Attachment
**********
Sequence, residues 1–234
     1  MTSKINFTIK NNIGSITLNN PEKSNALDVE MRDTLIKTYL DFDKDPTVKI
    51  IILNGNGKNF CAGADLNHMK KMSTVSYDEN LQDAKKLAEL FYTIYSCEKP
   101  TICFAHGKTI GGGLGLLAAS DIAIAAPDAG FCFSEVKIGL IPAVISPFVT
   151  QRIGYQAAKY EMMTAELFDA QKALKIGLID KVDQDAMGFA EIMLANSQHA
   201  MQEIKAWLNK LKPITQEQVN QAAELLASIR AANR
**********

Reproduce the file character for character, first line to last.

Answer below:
Sequence, residues 1–234
     1  MTSKINFTIK NNIGSITLNN PEKSNALDVE MRDTLIKTYL DFDKDPTVKI
    51  IILNGNGKNF CAGADLNHMK KMSTVSYDEN LQDAKKLAEL FYTIYSCEKP
   101  TICFAHGKTI GGGLGLLAAS DIAIAAPDAG FCFSEVKIGL IPAVISPFVT
   151  QRIGYQAAKY EMMTAELFDA QKALKIGLID KVDQDAMGFA EIMLANSQHA
   201  MQEIKAWLNK LKPITQEQVN QAAELLASIR AANR